Laura Veirs shares the left-wing politics of Anais Mitchell, and her earnestness of expression, too; but whereas Mitchell's solo work is more straightforwardly me-and-my-guitar folk, Veirs' collaborations with producer Tucker Martine pack the musical references of Hadestown into erudite pop songs. It took me a while to click with her, but since 2010's July Flame I've been a devoted fan. We played Warp and Weft as we drove across Indiana, and it reminded me of listening to PJ Harvey's Let England Shake while driving through the Cotswolds, those placid rolling hills suddenly muddied and seething with the ghosts of dead soldiers, insurrectionists, men. Indiana is basically flat; I'd guess it's desolate in winter, but it's verdant in early August, field after field of thriving maize. Veirs' circumspect songs made that landscape churn with alarm at what America has become and what it's built on:

How can it be so cold out here in America
Everybody is packing heat in America
Training their barrels on the city streets in America

Every bad man finds his peace in America
In America

No shootings were reported while we were in the country, but I did read of the Black Lives Matter action shutting down the M4 back home and glowed with admiration and a sense of possibility. Ever since Theresa May glided into her premiership that's what I've wanted to do: just sit in the middle of roads, bringing cities to a standstill. Instead I sat in our hired car for hour upon hour, contemplating the spray contraption that looms over so many field, maybe distributing a fine mist of water but more likely showers of pesticide, noting how many billboards advertise litigation lawyers, wondering how houses that don't have garden fences around them can suggest so much hostility towards the unknown stranger. Laura Veirs sang and her words ploughed the land, churning to the surface its lack of care.

Later we played Anna Meredith's Varmints and I thought again that it's my favourite album released so far this year.

I'm honestly embarrassed by how much I love the National. Looking at them in the film of A Lot of Sorrow, installed at the Art Institute of Chicago, I was overwhelmed again by shame, that these middle-aged white guys, with their suits and wedding rings and thinning hair, are so capable of turning me to putty. And yes, I'm ashamed of my superficiality in judging them by appearance: me, a middle-aged white woman, with my own wedding ring, constantly reminded by the queer and feminist art with which I align myself of how essentially straight I am; ashamed, too, of the craven lingering adolescent desire to be different, other, strange. My embarrassment at loving the National is a nugget of a more general shame I feel just being me.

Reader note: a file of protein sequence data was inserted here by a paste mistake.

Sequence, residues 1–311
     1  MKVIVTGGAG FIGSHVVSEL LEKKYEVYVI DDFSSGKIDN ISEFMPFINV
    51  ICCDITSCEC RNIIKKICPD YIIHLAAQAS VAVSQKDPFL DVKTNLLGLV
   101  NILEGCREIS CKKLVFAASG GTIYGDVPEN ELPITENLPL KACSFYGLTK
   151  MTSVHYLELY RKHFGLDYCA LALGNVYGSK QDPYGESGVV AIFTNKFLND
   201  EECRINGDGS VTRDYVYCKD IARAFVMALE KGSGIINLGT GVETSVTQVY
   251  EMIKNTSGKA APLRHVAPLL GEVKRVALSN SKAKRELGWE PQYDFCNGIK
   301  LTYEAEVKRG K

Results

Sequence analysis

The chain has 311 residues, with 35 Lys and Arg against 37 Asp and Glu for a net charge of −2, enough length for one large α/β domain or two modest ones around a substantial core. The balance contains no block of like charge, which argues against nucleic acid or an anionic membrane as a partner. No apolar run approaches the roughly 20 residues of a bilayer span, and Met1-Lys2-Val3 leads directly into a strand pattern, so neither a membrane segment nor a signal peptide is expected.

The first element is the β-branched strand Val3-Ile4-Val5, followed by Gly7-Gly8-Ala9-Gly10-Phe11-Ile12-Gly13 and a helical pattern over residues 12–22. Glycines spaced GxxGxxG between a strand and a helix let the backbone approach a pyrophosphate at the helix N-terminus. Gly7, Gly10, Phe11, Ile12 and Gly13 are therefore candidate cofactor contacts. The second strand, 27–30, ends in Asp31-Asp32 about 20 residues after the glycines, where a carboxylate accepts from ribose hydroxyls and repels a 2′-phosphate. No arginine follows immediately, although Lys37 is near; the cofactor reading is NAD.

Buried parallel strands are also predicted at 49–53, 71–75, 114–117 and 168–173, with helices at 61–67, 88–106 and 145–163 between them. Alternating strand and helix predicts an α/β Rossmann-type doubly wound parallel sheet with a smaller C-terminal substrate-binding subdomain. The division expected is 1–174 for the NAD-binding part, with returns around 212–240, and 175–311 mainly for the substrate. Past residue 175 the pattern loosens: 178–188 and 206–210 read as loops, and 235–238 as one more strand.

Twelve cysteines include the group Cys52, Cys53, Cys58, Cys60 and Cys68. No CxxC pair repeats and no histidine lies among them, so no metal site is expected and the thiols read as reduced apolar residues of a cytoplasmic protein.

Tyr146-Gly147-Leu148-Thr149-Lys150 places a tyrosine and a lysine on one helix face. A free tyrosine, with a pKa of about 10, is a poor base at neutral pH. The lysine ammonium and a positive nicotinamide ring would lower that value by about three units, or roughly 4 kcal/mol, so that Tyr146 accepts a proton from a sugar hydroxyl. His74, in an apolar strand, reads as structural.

But maybe the National are embarrassed in a similar way; or rather, my feeling is that its members, especially Aaron and Bryce Dessner, use this middle-of-the-road rock behemoth to finance all the different, other, strange art they want to make. (Thus Orpheus entered Hadestown, proud even in his submission.) A Lot of Sorrow is a fascinating intersection of those two impulses: a continuous performance of the song Sorrow, from their 2010 album High Violet, over and over, non-stop, for six hours, in a white-walled room in the Museum of Modern Art, New York. I saw at most 16 minutes of it on film, and not even consecutively, but it was enough to get my pulse racing at the intricacy of detail: the jitter of exhausted fingers, the crack of voice, the decision to switch to playing guitar with a violin bow, the pause to gather resources, the slipped note, the brow that furrows with effort, the snatched snacks for sustenance. Their bodies are entirely at the mercy of the song: it plays over them, through them, and so plays through me; for days after its words spill out of me unbidden, no matter that they're sunk in cliche.